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March 24, 1961     The Observer
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March 24, 1961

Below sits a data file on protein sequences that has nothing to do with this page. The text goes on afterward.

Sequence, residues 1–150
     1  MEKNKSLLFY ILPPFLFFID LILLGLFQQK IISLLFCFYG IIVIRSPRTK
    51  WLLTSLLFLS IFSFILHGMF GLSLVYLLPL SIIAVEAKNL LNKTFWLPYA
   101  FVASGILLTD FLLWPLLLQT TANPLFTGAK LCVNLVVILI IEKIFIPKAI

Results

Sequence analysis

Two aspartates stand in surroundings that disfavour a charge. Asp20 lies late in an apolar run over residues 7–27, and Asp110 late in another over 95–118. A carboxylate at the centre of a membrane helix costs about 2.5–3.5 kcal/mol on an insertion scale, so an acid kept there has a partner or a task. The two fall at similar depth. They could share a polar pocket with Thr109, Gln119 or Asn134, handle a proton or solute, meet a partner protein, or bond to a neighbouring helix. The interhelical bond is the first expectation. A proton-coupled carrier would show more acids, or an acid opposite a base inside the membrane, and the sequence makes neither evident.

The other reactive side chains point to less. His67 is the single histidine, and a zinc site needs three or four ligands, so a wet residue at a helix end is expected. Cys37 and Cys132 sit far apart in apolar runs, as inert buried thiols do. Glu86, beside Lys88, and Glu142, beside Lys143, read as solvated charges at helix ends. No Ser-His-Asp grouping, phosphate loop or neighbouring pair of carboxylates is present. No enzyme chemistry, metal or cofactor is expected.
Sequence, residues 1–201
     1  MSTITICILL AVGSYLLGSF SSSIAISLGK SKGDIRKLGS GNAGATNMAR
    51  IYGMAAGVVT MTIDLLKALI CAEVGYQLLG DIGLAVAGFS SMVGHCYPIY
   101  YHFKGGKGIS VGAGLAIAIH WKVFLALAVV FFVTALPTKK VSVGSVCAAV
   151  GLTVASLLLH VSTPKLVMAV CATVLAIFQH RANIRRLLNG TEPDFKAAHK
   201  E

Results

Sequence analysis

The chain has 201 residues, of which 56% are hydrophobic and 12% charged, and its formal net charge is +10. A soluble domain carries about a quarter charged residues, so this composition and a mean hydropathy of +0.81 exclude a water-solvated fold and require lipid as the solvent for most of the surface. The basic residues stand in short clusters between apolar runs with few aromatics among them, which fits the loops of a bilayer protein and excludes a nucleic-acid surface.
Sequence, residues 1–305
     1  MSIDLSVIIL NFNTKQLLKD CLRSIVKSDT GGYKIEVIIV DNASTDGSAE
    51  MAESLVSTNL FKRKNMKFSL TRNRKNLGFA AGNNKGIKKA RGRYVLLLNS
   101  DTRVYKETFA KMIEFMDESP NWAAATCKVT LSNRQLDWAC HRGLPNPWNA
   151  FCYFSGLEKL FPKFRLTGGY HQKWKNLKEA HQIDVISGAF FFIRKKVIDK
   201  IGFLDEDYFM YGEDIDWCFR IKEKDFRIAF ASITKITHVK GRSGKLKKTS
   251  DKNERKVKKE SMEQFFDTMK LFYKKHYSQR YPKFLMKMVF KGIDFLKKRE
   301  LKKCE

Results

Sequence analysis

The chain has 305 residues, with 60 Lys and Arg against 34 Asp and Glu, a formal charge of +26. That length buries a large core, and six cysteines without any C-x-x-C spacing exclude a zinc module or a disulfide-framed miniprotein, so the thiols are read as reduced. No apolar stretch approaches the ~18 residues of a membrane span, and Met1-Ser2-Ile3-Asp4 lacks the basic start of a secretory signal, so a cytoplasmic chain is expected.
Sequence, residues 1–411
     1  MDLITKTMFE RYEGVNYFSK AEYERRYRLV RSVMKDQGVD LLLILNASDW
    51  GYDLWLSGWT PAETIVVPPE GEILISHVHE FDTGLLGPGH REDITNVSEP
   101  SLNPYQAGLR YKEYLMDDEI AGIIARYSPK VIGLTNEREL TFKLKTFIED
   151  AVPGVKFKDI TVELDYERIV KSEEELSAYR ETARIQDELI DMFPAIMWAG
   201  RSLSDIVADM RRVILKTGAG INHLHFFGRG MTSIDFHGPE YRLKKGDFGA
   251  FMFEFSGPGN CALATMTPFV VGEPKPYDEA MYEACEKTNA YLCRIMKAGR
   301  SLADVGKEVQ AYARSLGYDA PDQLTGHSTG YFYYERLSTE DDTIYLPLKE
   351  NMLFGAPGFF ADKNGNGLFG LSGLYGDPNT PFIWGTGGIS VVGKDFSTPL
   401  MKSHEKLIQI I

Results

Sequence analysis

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t New Column: For Teens Only See Page 9 Pray for Vocations Official Newspaper of the Rockford Diocese Vol. XVI--No. 12 ROCKFORD, MARCH 24, 1961 |1 16 PAGES AID NEWMAN FOUNDATION--Officers of the Illinois state council, Knights of Columbus, ac- companied by district deputies of the Rockford diocese, presented a check for $2,000 to the Most Rev. Loras T. Lane recently on behalf of the state council for the support of the Newman foun- dation at Northern Illinois university, DeKalb. Following the presentation of the check the K. of C. officers attended a meeting of the Bishop Muldoon council of the Knights. Making the pre- sentation to Bishop Lane (seated, center) were: (1 to r, seated) Marco DeStefano, state ad- vocate, Chicago; and John H. McKeown, past state deputy, Chicago; and (standing) Robert Fagan, director of the K. of C. state athletic commission, Woodstock; Henry Bracke, northern Illinois district deputy, Rockford; Lou Franchini, northeastern Illinois district deputy, Loves Park; and Harold Evans, northeastern district deputy from Woodstock. (Photo by Herzog) ROCKFORD--The schedule of Holy Week services and officers for each at St. James pro-cathe- dral here, beginning the second Sunday of Pas~iontide with the Most Rev. Loras T. Lane cele- brant except on Holy Thursday, is as follows accc.rding to the announcemnet of the chancery: For the blessing of palms and Solemn Pontifical Mass on the second Sunday of Passiontide March 26, at noon, the assist~t .~st will be the Rt. Rev. Msgr. Meilinger, V.F.; deacons of honor, the Revs. Lawrence London and Philip L. Kennedy; deacon, the R e v. Bernard J. Mullane; subdeacon of t h e Mass, the Rev. Bernard Geiger, O.F.M. Conv.; and subdeacon of the processional cross, t h e Rev. Anthony J. Becker. Holy Thursday The deacons of the Passion will be: Chronistra -- Father Becker; Christus--The Rev. E. S. Wright; and Synagoga--the Rev. :P. E. Fry. First master of ceremonies will be the Rev. Be VATICAN CITY -- (NC) -- His Holiness Pope John XXIII has written an Apostolic Letter to the world for the feast,of St. Joseph (March 19) indicating that he will be proclaimed pa- tron of the coming Second Vati- can Council Pope John's letter recalls that his predecessors from Pope Plus IX on were zealous in spreading devotion to St. Joseph "It seemed timely also for Us to propose these reminders of history and of religiouz piety to the devout attention of your souls precisely on March 19, when the feast of St. Joseph coincides with the beginning of Passion Week and prepares us for a deep fami]Jarity with the most moving and salutary mys- teries of the sacred liturgy," he said, writing in Italian. Always Invoked The Pope noted that St. Jo- seph is always invoked to help the Church in its projects and concerns He said that among present - day concerns the first place is held by the ecumenical council. Pope John stressed that the council rouses great expectation in the hearts of Christians "whether they belong to the Catholic Church or to one of the " May ph different confessions separated from it and yet who are anxious for a return to unity and peace according to the teachings of Christ and to His prayer to the heavenly Father " Council For All The Pope said: "The council is held for all Christian people: interested in it for a more per- feet flowing of grace and of Christian vitality. Everyone is interested therefore in the coun- cil: ecclesiastics and laymen, great and small of every part! of the world, of every class, every race, every color, and if a heavenly protector is indicat- ed who can call from Heaven that 'virtus divina' for prepar- ing and holding the council to none of the heavenly person- ages can this be ~pplied better than to St. Joseph, distinguish- i ed head of the Family of Na- zareth and protector of Holy Church " Intend~ Choice While the letter is not tanta- mount to a formal proclamation that St. Joseph is patron of the council, it clearly indicates that the Pope intends to choose him. It is expected that the Pope will issue a bull or other document at a later date, formally pro- claiming St. Joseph the patron of the council. Francis J. Moroney and t h e second master of ceremonies will be Mr. Thomas McCullough. For the Solemn Mass of the Lord's supper on Holy Thurs- day, March 30, at 8:15 p.m the celebrant will be Msgr. Meilin- ger, with Bishop Lane presid- ing. Other Officers The assistant priest will be the Very Raymond J. W a h 1; chaplains, Fathers Becker and London; master of ceremonies at the throne, Father Moroney; deacon, The Rev. Mr. Thomas Caughlin; subdeacon, the Rev. William P. Knott; and master of ceremonies at the altar, Mr. McCullough. For the solemn liturgy of Our Lord's passion a n d death on Good Friday, March 31, at 1:30 p.m the assistant priest will be Msgr. Meilinger; deacons of honor, Fathers London and Mul- lane; deacon, the Rev. Mr. Caughlin; subdeacon, Father Knott; first master of ceremon- ies, Father Moroney a n d sec- ond master of ceremonies, Mr. McCullough. Easter Sunday Deacons of the passion will be: Chronistra--Father Becker; Christus--Father Wright; a n d Synagoga--Father Fry. Officers for the solemn Pon- tifical Mass of the Lord's res- surection on Easter Sunday, April 2, at 10:45 a.m will be: assistant priest, Msgr. Meilin- ger; deacons of honor, Fathers Becker a n d London; deacon, the Rev. Mr. Caughlin; an d subdeacon, Father Knott. i First master of ceremonies will be Father Moroney and sec- ond master of ceremonies will be Mr. McCullough. Bowling Bishop PONCE, P.R. --(NC)--Bishop James E. McManus, C.SS.R dedicated the new Santa Maria bowling alley here, then rolled the first balls down an alley. He scored a spare. New Bible Text Might Be Used By Catholics, Too LONDON ---(NC)- The new translation of the Bible by Brit- ish Protestant scholars could form the basis for a common text acceptable to Catholics, a prominent Jesuit scholar sug- gested here. Father Thomas Corbishley, S. J called for a Bible translation for use by all Christians He said such a version as the new- ly published English translation of the New Testament, which is based on the latest research, would with some modifications be most useful in promoting unity between all Christians The New Testament section of "The New English Bible" was put on sale in Great Bri- tain and the United States on March 14. Published jointly by Oxford University Press and Cambridge University Press, it is the result of 14 years of re- writing from the original Greek and Hebrew by a committee of top experts from all Britain's major churches except the Roman Catholic. Father Corbishley, a Scrip- ture scholar and an Oxford man who is now superior of London's principal J e s u i t community, Farm Street, commented on the new translation in The Universe, nationally circulated Catholic weekly. There can be no doubt the new translation w i 1 1 make a fresh impact on a generation BERLIN- (NC) -- Poland's: Primate has hurled defiance at his country's communist rulers and denied t h e i r chieftain's claim that the Church there is not being persecuted, according to reports here. Stefan Cardinal Wyszynski also contradicted a statement by Wladyslaw Gomulka t h a t there is Church-state conflict in Poland o n ly because Church leaders follow the Holy See's Blessing Sent -To Marquette U. MILWAUKEE -- (NC) -- His Holiness Pope Jc.hn XXIII sent his blessing to the Marquette University College of Journal- ism in connection with the cele- bration of its 50th anniversary. hostile policy toward the Polish government, reports said. The Cardinal declared that the state is fighting to separate Polish Catholics from their his- toric Faith and warned Po- land's Red leaders t h a t they will lose the battle. Will Bow to God "I tell you Caesars that you will bow to your Cod and you will serve Him and no one else. satan is mighty, but man will not bow his l~ead before him." For the third time in recent months the Cardinal cited gov-: ernment support for a stepped- up atheist campaign as evi- depce of persecution. ~n a sermon (March 19) in the Church of the Visitation in Warsaw, the Cardinal pointed out that there are now some 20 organizations promoting "a pro- gram of atheization, seculariza-. tion, indifference and rational- that in all the various art forms Domenico Cardinal Tardinl, has s h o w n some impatience Vatican Secretary of State, no- with tradition," he wrote. "Not ted in a letter that Pope John that the new version is revolu- "has repeatedly stressed t h e tlonary or aggressively rood " ' I necessity for a serious and re- ern It is vigorous, forthright, . I sponslble journahsm, dedmated clear, with a dignity of its own to the cause of truth and intent It should certainly go a long . . on providing wholesome and in- way towards achmwng Rs pur- structive reading materml. pose of reviving interest in the .:.: ~ ,^ ~^,t r,^.^~.~ ~,~1 W/lblll~ ~U Clbll~[ ",~lr ~ J. :11 LL .k~o mine. Brennan, S.J regent of the NEW YORK -- (NC) -- Be- lief that life exists on other planets was voiced here by two Fordham University chemists and a scientist in private indus- try. Their opinion is founded on a careful aralysis of the chemical nature of a meteorite that fell in France in 1864. The meteorite was found to contain compounds akin to cholesterol, the material many scientists believe plug the arteries and result in heart at- tacks and strokes. Another hy- drocarbon is a chemical cousin of a sex hormone. college, Cardinal Tardini said: "It gave (the Pope) m u c h satisfaction . . to 1earn of the meritorious work being accom- plished by Marquette University College of Journalism and of its admirable record of achieve- ment during these 50 years. He w a s greatly pleased, too, to know that so m a n y students from overseas have been avail- ing themselves of the college's facilities." ism." These groups, he added, are "dedicated to freeing our muth from God." Dark Days Ahead In ~a letter to Poland's priests, tared January 12 but not made public until early March, the Cardinals warned that dark days lie ahead for the Church in Po- land and called on priests to defend Church rights at any cost. He said that th~ Church's difficulties a r e growing be- cause of the "fighting, fanatic spirit of atheism (that) has ar- rived" and told priests to "pre- pare for the worst." Last September in a pastoral suppressed by the government Bishop Lane Monday, March 27 7:00 p.m. -- Newman Centra 2atholic H.S Sterling Mass for Vocations to the Priesthood. Thursday, March 30 10:30 a.m:--St. James Pro- Cathedral, Rockford. S o 1 e m n Pontifical Mass of Chrism 8:15 p.m. -- St. James Pro- Cathedral, Rockford, S o 1 e m n Mass of the Lord's Supper. Friday, March 31 1:30 p.m. -- St. James Pro- Cathedral, Rockford S o 1 e m n Liturgy of Our Lord's Passion and Death. Sunday, April 2 Feast of the Resurrection of Our Lord 10:45 a.m. -- St. James Pro- Cathedral, Rockford S o I e m n Pontifical Mass. Church Denies Connection With Lumumba" Death LEOPOLDVILLE, The Congo --(NC)-- Charges that Catholic priests fomented the death of former Congolese Premier Pa- trice Lumumba are communist lies, the Bishops of the Congo have declared. The Bishops said the Church was in no way responsible for Mr. Lumumba's death. They, did not mention his followers charge that he was murdered, but said that "political murder . . is always unacceptable and must be condemned." They ad- he denounce " d the atheism that ded that "if private individuals, from month to month increases or pi'operly co~ns stituted authori- its activity and fights against ties acting outside the norms of the Church with truly inhuman Penal law, take the life of a per- fanaticism." son . . . they commit murder." American history in the misun- CHRISTOPHER DAWSON ON FEDERAL AID CAMBRIDGE, Mass.--(NC)--blocked by an appeal to the WASHINGTON -- (NC) -- A crucial development in the con- troversy over the constitution- ality of Federal aid to private schools is due on Monday, March 27, the day the admini- stration will take a formal stand. The stand will be made in a memorandum prepared by at- torneys of the Department of Health, Education and Welfare and the Justice department. The memorandum will be made available to Congression- al subcommittees hearing testi- mony on recommendations for federal aid to education Catho- lic spokesmen have appealed to these subcommittees for long- term, interest - bearing loans for private schools. Requested by Morse The administration's stand on the constitutionality of Federal aid to education in general and on such aid to private and parochial schools first was re- quested by Sen. Wayne Morse of Oregon. The senator is chairman of the education subcommittee of the Senate Labor and Public Welfare committee and sponsor in the Senate of the administra- tion's proposed $2.3 billion, three - year program of federal aid to public grade and high schools. What stand the administra- tion's brief will take has not been revealed. But it is known to be a lengthy document--more than 70 pages -- that has con- sumed much time of several government attorneys in recent weeks. Room For Debate President Kennedy, who is re- ported to have sought legal ad- vice before his pronouncements on the constitutional issues, has said that direct federal aid to pro - college church - related schools is "clearly unconstitu- ;ional." However, on the constitution- ~lity of the proposal for long- term, interest - bearing loans to private schools for construction, the president has held there is room for debate, though he per- sonally feels "across-the board" loans would violate the Consti- tution's provisions on church- state relations. The memorandum also is ex- pected to explain in detail the constitutional basis for admini- stration proposals for federal aid to all types of colleges and In presenting their findings at the New York Academy of Sci- ences (March 16), the scientists said: "We believe that wher- ever this meteorite originated something lived." They termed the discovery the first physical evidence of life beyond the earth. The three men are Dr. Bar- tholomew Nagy and Dr. Douglas J. Hennessey of the Fordham graduate school department of 'chemistry and Dr. Warren G. Melnschein of Esso Research and~ Engineering Co Linden, N.J. Other scientists, including Brian Mason, curator of miner- als at the American Museum of Natural History, and Harold Urey, chemistry professor at the University of California, said the interpretation that life existed on other planets should be ac- cepted with caution. Historian Christopher Dawson said here the Constitution's First Amendment has been twisted into a "bulwark of secularist dogma." Interviewed by Jubilee maga- zine on the question of federal aid to private and parochial schools, the English scholar, who currently occupies the Chair for Catholic Studies at Harvard uni- versity, commented: Double Pay Forced "Catholics are being forced to pay double for the right of free- dom of education and are still not getting their money's worth, since, when they have done all and more than all they ~an, their schools will be less well equipped and their teachers less well paid than those of the state. "This is an obvious injustice ~and a denial of the principal of religious freedom. Yet any at- tempt to remedy it is invariably First Amendment." But a secularist interpretation of the First Amendment, which sets up church-state relations, rests on a misunderstanding he maintained. "Official policy, as stated for example in the North West or- "dinance of 1787, lays down the general principle -- 'Religion, morality and knowle~lge being necessary to good government and the happiness of mankind, schools and the means of educa- tion shall forever be encourag- ed'; ] "In other words, churches and schools had their own independ- t spheres of action and it was duty of the government to protect and encourage them, but not to restrict or control them in the free exercises of their prop- er function." There is a "great paradox" of derstanding of the First Amend- their students. ment, he said. d'][ List of Proposals Intended to Protect The administration's college "The separation of church an ,aid ldlan proposes expansion of state which was intended to pro- the present federal program of tect religious, freedom has be- loans to colleges for dormitory come the constitutional basis for construction, inauguration of a the secularization of American culture. "The First Amendment was intended to limit the powers of federation from any interference with religion -- not to extend them," he said. Prof. Dawson feels it is neces- sary "to make people more con- scious of our cultural predica- ment --- of the existence of this deadening blanket of secularist conformity which is stifling the spiritual and intellectual life of modern culture " Jubilee magazine is published in New York. The interview will appear in its April issue. program of loans for classroom construction and a scholarship program which will give a $350 "cost - of - education grant to any college chosen by the reci- pient of a federal scholarship. Both Secretary Ribicoff and Senator Morse have predicted Congress will reject a program of loans to private and paro- chial schools if it is presented as an amendment to the ad- ministration's proposals for aid to public schools. In the meantime, mail to members of Congress was in many instances hitting a near* high for a domestic issue. o / quln PEACE TO THIS HOUSE--With these words Bishop Lane BE MINDFUL, O LORD---Bishop Lane eelebrate~t a Solemn Pontifical Mass in LAquin's new gymnasium immediately after the blessing of the new construction. This scene was daring the opened the dedication ceremonies of the addition to Aquin Canon of the Mass and shows Bishop Lane; the Rt. Rev. Msgr. Charles F. Conley, assistant priest; Central Catholic High School in Freeport last Sunday after- ' the Rev. William F. Boland and the Rev. Norbert M. Richter, both alumni of Aquin, who were More than 1700 l eople attended the dedicatioa ceremonies, deacon and subdeacon of the dedication Mass. Photos by Fittsley. FACING THE PEOPLE--The Aqnin dedication Mass was offered on an altar in the school gym- nasium which was so placed that Bishop Lane was facing the people daring, Mass. This is the first time that a Solemn Pontifical Mass has been offered in this way within the confines of the Rockford diocese and one ni the few times that has haplmeed in the United States.